After the confrontations in Concord and Lexington in April of 1775, Ethan Allen organized a force of Green Mountain Boys to capture Ft. Ticonderoga on May 10, 1775. Support came from the political leaders in Connecticut. Benedict Arnold arrived on May 9 with word of support from the Massachusetts Bay Colony. 83 Green Mountain Boys crossed Lake Champlain before dawn and surprised the garrison, taking the fort without firing a shot. The cannons captured would be hauled across the Berkshires to Boston by a former bookseller, Colonel Henry Knox. The alignment of the cannon along Dorchester Heights led to the evacuation of Boston by the British on March 17, 1776.

The Boys join the Continental Army
Within months of the capture of Ft. Ticonderoga, the Continental Congress asked General Schuyler of New York to form a regiment of the Green Mountain Boys to serve in the Northern Department of the Continental Army. The Boys responded and served in the winter campaigns of 1775 and 1776 in Canada. In the spring of 1777, General John Burgoyne led a military expedition of about 7,500 men from Montreal down the Champlain Valley, headed for Albany, New York.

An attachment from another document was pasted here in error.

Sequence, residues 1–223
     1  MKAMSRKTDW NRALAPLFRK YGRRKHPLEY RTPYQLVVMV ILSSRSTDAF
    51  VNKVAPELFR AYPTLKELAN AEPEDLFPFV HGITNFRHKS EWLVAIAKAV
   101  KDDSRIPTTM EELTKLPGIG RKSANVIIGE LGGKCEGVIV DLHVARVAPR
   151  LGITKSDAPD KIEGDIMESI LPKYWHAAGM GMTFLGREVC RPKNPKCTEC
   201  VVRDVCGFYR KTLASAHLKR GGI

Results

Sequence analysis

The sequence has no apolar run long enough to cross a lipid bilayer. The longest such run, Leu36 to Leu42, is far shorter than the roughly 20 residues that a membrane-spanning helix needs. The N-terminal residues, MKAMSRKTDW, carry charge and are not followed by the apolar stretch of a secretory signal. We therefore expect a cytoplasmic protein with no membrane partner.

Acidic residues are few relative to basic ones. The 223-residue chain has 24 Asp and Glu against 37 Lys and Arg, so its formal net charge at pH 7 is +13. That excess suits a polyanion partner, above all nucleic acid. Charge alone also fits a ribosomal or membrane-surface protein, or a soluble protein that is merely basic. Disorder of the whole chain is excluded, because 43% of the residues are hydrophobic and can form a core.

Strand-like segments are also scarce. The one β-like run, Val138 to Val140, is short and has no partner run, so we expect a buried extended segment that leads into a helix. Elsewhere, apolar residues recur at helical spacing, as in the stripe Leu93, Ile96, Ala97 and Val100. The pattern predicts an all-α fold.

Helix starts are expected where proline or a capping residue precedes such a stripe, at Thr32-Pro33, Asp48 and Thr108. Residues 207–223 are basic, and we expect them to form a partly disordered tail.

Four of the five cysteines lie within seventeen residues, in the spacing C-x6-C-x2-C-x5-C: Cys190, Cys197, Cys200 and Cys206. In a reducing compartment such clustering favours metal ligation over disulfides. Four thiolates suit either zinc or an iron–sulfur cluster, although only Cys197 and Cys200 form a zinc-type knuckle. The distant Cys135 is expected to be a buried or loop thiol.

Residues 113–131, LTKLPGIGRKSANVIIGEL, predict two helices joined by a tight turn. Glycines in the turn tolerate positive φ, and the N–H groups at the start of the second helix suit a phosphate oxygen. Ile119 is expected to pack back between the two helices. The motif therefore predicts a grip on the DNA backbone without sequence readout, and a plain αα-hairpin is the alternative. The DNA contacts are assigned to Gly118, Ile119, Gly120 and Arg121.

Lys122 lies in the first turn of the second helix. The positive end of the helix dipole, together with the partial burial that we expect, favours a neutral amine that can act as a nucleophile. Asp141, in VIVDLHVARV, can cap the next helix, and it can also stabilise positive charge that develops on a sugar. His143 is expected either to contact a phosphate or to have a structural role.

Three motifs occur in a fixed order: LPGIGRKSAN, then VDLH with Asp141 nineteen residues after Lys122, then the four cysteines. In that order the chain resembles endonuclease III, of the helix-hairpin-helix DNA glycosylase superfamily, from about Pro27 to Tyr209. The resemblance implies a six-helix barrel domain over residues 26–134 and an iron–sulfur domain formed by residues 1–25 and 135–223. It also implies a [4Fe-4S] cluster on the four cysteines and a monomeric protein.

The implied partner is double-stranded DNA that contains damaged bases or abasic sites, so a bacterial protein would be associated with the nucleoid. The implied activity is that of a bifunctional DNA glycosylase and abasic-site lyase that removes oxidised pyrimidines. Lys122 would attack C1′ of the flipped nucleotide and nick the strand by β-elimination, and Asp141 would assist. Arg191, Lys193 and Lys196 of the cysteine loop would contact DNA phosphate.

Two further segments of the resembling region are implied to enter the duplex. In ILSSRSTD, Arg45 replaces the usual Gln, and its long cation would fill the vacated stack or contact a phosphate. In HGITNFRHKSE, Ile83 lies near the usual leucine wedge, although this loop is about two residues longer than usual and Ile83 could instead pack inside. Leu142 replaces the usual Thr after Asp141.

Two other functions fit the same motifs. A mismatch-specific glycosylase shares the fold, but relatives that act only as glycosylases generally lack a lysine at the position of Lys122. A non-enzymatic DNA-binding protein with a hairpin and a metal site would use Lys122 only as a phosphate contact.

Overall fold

Burgoyne’s plan was to join up with forces under the leadership of General Howe coming up the Hudson River and General St. Leger coming from Lake Ontario. The combined forces would cut off the rebels in New England, dividing them from the other colonies. Howe decided to attack Philadelphia instead. St. Leger was turned back at Ft. Stanwix.

The Battle of Bennington
Progress was slowed by the terrain and local militia sympathetic to the rebels. Running short of supplies, Burgoyne sent Colonel Frederick Baum off toward Bennington where there was known to be a rebel storehouse. Cattle and horses, a key resource, were also said to be available. Rebel defenses were thought to be minimal.